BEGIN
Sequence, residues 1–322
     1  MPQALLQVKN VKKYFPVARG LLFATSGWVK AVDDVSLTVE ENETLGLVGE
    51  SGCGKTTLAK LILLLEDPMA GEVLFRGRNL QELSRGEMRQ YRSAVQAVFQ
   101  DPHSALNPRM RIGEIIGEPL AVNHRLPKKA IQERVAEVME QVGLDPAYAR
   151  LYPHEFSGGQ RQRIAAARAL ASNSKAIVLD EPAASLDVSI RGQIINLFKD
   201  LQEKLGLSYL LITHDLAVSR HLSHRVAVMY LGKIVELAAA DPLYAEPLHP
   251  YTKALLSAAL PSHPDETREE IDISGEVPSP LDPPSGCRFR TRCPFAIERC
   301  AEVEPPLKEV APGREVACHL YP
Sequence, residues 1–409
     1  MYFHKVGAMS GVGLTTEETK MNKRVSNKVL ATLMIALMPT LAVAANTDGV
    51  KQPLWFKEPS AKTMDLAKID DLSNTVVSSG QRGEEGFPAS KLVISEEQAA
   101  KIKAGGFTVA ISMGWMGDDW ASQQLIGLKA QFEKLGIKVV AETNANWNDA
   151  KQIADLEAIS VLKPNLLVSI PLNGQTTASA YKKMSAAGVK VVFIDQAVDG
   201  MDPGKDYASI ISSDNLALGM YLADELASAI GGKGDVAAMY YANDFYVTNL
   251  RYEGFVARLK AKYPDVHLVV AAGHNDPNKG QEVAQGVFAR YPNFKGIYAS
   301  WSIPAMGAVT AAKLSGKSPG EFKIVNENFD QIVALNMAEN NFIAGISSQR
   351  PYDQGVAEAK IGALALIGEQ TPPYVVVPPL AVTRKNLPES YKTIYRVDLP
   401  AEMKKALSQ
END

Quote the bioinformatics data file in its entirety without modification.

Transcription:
Sequence, residues 1–322
     1  MPQALLQVKN VKKYFPVARG LLFATSGWVK AVDDVSLTVE ENETLGLVGE
    51  SGCGKTTLAK LILLLEDPMA GEVLFRGRNL QELSRGEMRQ YRSAVQAVFQ
   101  DPHSALNPRM RIGEIIGEPL AVNHRLPKKA IQERVAEVME QVGLDPAYAR
   151  LYPHEFSGGQ RQRIAAARAL ASNSKAIVLD EPAASLDVSI RGQIINLFKD
   201  LQEKLGLSYL LITHDLAVSR HLSHRVAVMY LGKIVELAAA DPLYAEPLHP
   251  YTKALLSAAL PSHPDETREE IDISGEVPSP LDPPSGCRFR TRCPFAIERC
   301  AEVEPPLKEV APGREVACHL YP
Sequence, residues 1–409
     1  MYFHKVGAMS GVGLTTEETK MNKRVSNKVL ATLMIALMPT LAVAANTDGV
    51  KQPLWFKEPS AKTMDLAKID DLSNTVVSSG QRGEEGFPAS KLVISEEQAA
   101  KIKAGGFTVA ISMGWMGDDW ASQQLIGLKA QFEKLGIKVV AETNANWNDA
   151  KQIADLEAIS VLKPNLLVSI PLNGQTTASA YKKMSAAGVK VVFIDQAVDG
   201  MDPGKDYASI ISSDNLALGM YLADELASAI GGKGDVAAMY YANDFYVTNL
   251  RYEGFVARLK AKYPDVHLVV AAGHNDPNKG QEVAQGVFAR YPNFKGIYAS
   301  WSIPAMGAVT AAKLSGKSPG EFKIVNENFD QIVALNMAEN NFIAGISSQR
   351  PYDQGVAEAK IGALALIGEQ TPPYVVVPPL AVTRKNLPES YKTIYRVDLP
   401  AEMKKALSQ